,Bank Negara, which also addressed the CBDC topic through a feature article in its latest annual report, said most digital assets (which Bitcoin is one), in their current form, are not used as payment instruments primarily because they do not exhibit the universal characteristics of money.
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ONE of the few benefits that Covid-19 has brought along is the acceleration of the structural shift towards digitalisation as measures undertaken by government’s across the globe focussed on minimising physical contacts to contain the spread.
Apart from the major shift in working from home arrangements, an area that has seen a strong growth momentum is payment systems.
Malaysia for instance, recorded a strong pick up in e-wallet adoption as consumers cut down on the usage of physical cash due to hygiene concerns, among others.
A recent study by tech research house Juniper Research founded that the number of unique e-wallet users will exceed 4.4 billion globally in 2025, up from 2.6 billion last year.
In Malaysia, statistics from Bank Negara showed that the number of e-money accounts jumped 37.38% in 2020 to 113.55 million accounts.
While the volume of transactions declined by 12.44% to 1.83 billion transactions last year, there was a notable increase in the value transacted by 62.64% to RM29.6bil.
The heightened interest surrounding the need for more seamless, convenient and inclusive payment systems has once again cast the spotlight on the central bank digital currency (CBDC) concept.
This has become more apparent after the Central Bank of Bahamas launched the world’s first CBDC in October last year, known as the Sand Dollar, being the digital version of the Bahamas dollar.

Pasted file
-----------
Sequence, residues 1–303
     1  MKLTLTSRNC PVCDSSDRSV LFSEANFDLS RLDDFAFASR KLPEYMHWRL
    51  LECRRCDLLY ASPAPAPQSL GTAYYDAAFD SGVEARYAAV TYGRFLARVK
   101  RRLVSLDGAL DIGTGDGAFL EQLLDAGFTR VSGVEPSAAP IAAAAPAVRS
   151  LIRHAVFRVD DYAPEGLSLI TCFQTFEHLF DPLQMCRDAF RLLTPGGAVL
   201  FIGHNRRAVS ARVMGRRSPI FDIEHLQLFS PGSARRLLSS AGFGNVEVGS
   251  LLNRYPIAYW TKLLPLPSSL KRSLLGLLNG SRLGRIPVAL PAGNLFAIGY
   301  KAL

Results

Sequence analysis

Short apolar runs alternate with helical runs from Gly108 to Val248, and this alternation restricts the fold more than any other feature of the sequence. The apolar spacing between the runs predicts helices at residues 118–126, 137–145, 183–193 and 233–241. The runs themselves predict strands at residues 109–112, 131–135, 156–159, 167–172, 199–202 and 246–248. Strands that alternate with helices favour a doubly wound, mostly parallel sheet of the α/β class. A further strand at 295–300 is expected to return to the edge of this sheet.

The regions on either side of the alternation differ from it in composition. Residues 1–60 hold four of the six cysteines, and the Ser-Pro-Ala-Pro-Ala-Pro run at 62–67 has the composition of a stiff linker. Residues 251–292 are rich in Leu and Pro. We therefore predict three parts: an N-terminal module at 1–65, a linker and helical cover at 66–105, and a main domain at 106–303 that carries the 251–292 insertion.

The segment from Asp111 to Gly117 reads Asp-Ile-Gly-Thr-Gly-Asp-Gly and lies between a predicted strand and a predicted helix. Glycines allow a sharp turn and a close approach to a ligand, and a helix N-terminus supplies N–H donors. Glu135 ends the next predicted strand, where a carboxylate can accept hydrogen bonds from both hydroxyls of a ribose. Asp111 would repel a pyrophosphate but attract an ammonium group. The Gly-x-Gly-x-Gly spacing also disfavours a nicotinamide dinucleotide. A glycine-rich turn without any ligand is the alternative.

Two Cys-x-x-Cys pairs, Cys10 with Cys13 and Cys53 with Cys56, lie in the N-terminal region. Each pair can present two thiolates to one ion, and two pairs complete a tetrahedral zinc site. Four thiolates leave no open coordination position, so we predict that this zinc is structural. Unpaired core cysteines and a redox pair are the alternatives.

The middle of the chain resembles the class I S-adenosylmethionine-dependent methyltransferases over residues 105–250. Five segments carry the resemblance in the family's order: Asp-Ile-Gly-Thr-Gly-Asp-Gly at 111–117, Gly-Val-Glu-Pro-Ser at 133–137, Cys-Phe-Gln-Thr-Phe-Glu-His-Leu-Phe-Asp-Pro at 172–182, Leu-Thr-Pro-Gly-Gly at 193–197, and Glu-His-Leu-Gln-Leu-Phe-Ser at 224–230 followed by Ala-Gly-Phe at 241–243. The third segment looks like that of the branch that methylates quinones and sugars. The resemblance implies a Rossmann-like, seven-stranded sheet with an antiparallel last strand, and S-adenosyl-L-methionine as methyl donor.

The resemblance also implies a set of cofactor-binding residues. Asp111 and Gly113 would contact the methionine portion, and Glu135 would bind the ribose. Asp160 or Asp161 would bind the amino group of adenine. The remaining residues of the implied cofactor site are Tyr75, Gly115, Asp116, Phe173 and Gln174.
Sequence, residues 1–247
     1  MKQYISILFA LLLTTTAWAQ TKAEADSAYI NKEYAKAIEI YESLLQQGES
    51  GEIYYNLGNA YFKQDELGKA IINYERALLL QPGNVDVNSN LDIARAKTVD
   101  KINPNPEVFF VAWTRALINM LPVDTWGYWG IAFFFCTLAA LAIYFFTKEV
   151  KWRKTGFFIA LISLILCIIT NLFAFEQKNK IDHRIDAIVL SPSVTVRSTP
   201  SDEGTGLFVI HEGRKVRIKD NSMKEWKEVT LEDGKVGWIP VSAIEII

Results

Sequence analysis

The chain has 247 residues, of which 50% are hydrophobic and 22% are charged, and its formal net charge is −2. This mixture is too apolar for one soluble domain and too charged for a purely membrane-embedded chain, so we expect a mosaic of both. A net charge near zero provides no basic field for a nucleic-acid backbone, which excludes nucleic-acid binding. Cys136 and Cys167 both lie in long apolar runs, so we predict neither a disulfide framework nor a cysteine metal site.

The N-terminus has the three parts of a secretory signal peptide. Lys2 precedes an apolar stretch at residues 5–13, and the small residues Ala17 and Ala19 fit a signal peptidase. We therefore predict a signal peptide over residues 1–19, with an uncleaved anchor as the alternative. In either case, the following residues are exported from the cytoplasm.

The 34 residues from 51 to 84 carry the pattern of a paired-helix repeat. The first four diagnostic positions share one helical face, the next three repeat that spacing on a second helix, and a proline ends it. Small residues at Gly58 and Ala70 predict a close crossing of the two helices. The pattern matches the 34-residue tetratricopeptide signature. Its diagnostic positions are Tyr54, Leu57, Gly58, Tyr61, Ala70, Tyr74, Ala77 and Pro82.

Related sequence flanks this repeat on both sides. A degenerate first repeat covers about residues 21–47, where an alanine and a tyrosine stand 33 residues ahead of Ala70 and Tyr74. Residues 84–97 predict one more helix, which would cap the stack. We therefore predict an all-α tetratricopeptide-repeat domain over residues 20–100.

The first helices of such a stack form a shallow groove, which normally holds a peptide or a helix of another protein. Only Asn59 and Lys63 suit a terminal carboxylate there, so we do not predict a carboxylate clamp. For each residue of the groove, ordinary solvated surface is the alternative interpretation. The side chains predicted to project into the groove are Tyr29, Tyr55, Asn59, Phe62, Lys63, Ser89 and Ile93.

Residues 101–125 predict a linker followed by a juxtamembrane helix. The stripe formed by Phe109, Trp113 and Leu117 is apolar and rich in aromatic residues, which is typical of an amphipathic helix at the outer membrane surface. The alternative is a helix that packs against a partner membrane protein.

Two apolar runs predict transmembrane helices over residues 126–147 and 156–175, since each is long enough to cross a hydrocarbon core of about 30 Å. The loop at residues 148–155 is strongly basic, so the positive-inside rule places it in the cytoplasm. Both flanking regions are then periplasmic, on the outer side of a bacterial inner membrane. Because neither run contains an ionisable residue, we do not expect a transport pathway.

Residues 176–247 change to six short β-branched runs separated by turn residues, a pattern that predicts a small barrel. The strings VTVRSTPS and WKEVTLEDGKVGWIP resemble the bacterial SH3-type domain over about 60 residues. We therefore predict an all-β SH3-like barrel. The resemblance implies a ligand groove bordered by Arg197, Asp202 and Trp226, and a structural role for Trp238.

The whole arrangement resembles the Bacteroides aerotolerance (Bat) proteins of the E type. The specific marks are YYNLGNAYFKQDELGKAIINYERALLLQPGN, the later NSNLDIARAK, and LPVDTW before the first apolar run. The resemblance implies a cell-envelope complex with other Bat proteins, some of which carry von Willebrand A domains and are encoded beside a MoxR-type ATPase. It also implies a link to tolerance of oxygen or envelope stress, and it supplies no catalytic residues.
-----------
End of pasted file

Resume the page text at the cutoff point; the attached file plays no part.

For starters, the Bank for International Settlements (BIS) defines CBDC as a digital banknote, which could be used by businesses to pay businesses, shops or each other, known as a retail CBDC or between financial institutions to settle trades in financial markets, known as a wholesale CBDC.
It adds that CBDC is also different from existing forms of cashless payment instruments for consumers such as credit transfers, direct debits, card payments and e-money, as it represents a direct claim on a central bank, rather than a liability of a private financial institution.
This type of riskless claim also makes CBDC different from cryptocurrencies such as Bitcoin or other private digital tokens.
Bank Negara, which also addressed the CBDC topic through a feature article in its latest annual report, said most digital assets (which Bitcoin is one), in their current form, are not used as payment instruments primarily because they do not exhibit the universal characteristics of money.
“In essence, their characteristics prevent them from being a good store of value and medium of exchange as they are prone to price volatility, vulnerable to cyber threats and lack scalability.